p = 0.790
p = 0.877
$15,000 - $29,999
$30,000 - $49,999
$50,000 – $79,999
p = 0.893
p = 0.776
Average # of comorbidities (SD)
Number of Comorbidities
p = 0.055
Comorbidity profile of total sample and by sex
n = 195
n = 159
n = 36
p < .001
Back Pain (n = 188)
p = 0.650
Dyslipidemia (n = 186)
p = 0.015
Hypertension (n = 188)
p = 0.008
Osteoarthritis (n = 188)
p = 0.733
Type 2 Diabetes
p = 0.285
Gastroesophageal Reflux Disease (n = 189)
p = 0.155
Gallbladder Disease/Gallstones (n = 187)
p = 0.029
Asthma (n = 188)
p = 0.184
Polycystic Ovary Syndrome (n = 159)
Yeast/Fungal Infection (n = 187)
p = 0.169
Hypothyroidism (n = 187)
p = 0.327
Gout (n = 188)
p = 0.000
EQ-5D-3L scores for total sample and by sex
SF-12v2 scores for total sample and by sex
n = 195
n = 159
n = 36
Role Emotional Health
Physical Health Component Score (PCS)*
Mental Health Component Score (MCS)
IWQOL-Lite scores for total sample and by sex
Socio-demographic characteristics by sex
There were very few differences in baseline characteristics pre-surgery (Table 1). Women had a significantly lower weight than men (130.2kgs vs 155.8kgs, p < .001), although BMI was not different. Women were less likely to be partnered (69.0% vs 86.1%, p < .05). Women and men were similar in terms of age, income, education, employment status, ethnicity and smoking behavior.
Pre-surgical Comorbid conditions by sex
The comorbidity profiles comparing women and men were somewhat different (Table 2). Men most often presented for surgery with OSA, hypertension, dyslipidemia, GERD and T2DM, while women presented with OSA, back pain, dyslipidemia, osteoarthritis and gallbladder disease. There were some statistically significant gender differences; compared to women, men reported more OSA, dyslipidemia, hypertension, and gout, while women reported double the prevalence of gallbladder disease/gallstones compared to men pre-surgery.
Health related quality of life by questionnaire and sex
Table 3 presents the results from the EQ-5D-3L. Fewer women reported problems with self-care compared to men (9.5% vs. 25%, p < 0.05) and while fewer women reported problems with mobility (44.0% vs. 61.1%) and usual activities (50.6% vs 63.9%) compared to men, these differences were not significant. In contrast, more women reported problems with pain/ discomfort (69.0% vs 58.3%) and anxiety/depression (45.3% vs 38.9%) compared to men, although not significantly different. Women reported significantly higher scores (i.e., better self reported health) on the VAS (61.5 ± 18.5SD vs 52.0 ± 17.6SD, p = 0.009) compared to men, although there was no significant difference between the two on the EQ Index (0.79 ± .013SE vs 0.75 ± .031SE) which describes the patient’s health state [data not shown].
According to the SF-12v2 (Table 4), women reported significantly less impairment in General Health (39.3 vs 32.9, p < .05) and in the PCS (37.2 vs 33.3, p = 0.048). Based on the normative data for women, the percentage of the study sample whose PCS was below, at or above population norms correspond to: 75% below, 22% at, and 3% above the norm. The percentage of the study sample whose MCS was below, at or above the population norm was: 37% below, 27% at, and 36% above the population norm. For men, the PCS values corresponded to 83%, 11% and 6% below, at or above the norm and for the MCS, 31%, 39% and 31% reported scores below, at or above the norm [data not shown].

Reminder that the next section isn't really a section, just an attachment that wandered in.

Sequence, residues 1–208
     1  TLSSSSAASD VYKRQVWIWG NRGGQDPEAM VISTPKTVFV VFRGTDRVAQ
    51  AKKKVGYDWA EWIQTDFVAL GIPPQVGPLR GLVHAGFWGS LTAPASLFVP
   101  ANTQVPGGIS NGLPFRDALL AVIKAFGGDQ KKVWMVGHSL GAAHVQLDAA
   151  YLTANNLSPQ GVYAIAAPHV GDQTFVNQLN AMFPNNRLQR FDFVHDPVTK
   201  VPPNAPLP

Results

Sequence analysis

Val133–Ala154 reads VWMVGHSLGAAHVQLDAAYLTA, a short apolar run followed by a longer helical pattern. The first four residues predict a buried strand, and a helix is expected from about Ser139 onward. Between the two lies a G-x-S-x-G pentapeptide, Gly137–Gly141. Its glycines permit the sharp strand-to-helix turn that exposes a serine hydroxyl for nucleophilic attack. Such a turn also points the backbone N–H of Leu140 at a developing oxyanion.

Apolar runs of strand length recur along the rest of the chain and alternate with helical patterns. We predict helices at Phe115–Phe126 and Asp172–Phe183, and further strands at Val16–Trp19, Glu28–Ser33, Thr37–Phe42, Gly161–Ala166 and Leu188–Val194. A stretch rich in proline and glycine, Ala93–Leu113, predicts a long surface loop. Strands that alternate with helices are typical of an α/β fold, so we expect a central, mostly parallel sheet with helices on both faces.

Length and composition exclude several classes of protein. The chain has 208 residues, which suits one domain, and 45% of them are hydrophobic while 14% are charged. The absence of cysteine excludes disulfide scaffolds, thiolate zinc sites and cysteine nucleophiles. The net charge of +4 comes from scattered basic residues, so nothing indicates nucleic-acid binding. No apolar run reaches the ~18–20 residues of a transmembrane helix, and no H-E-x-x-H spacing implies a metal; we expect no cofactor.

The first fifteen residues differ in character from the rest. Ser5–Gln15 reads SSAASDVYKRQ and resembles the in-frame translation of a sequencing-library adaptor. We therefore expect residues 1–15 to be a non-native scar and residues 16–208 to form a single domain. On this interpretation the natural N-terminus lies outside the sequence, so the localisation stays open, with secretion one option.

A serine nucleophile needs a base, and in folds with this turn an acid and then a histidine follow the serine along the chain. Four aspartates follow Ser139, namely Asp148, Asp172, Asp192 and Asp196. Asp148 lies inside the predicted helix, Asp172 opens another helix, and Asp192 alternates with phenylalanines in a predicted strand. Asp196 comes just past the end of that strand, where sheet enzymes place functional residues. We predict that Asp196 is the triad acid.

The IWQOL-Lite scores are presented in Table 5. Women reported significantly lower scores than men for self-esteem (27.3 vs. 44.1, p < 0.05) and sexual life (49.2 vs. 63.6, p < 0.05) suggesting that in women, these domains were more impaired by their weight. Men and women did not differ in scores for three of five domains (i.e., physical function, public distress or work). The IWQOL-Lite total score was significantly lower for woman compared to men (42.0 vs 48.7, p < 0.05).
Patients in this study averaged 44 years of age and had an average BMI of 49 kg/m2. The majority of the sample were: women with post-secondary or some post-secondary education in full or part- time employment. Health status was significantly impaired pre-surgery with patients reporting on average 5.4 comorbidities. OSA affected two thirds (65%) of the study sample while half of the sample reported having been diagnosed with hypertension (47%), dyslipidemia (48%) and back pain (51%). Almost half of the study sample reported having osteoarthritis (44%), T2DM (42%), GERD (43%) and gallbladder disease (40%). Pre-operatively, women and men did not differ significantly on select socio-demographics variables (i.e., age, income, education or employment status, although there were differences in comorbid profiles. A high prevalence of OSA was diagnosed in both sexes (65%), and rates were one third higher for men. Men also reported higher rates of dyslipidemia, hypertension and gout. In contrast, women reported double the rate of gallbladder disease/gallstones.
Pre-surgery HRQoL was significantly impaired in the study sample. Few patients reported problems with self-care; however, between 44% and 67% of patients reported problems with anxiety/depression, mobility, usual activities and pain and discomfort. Patient perceptions of general health and physical health were impaired more than mental health.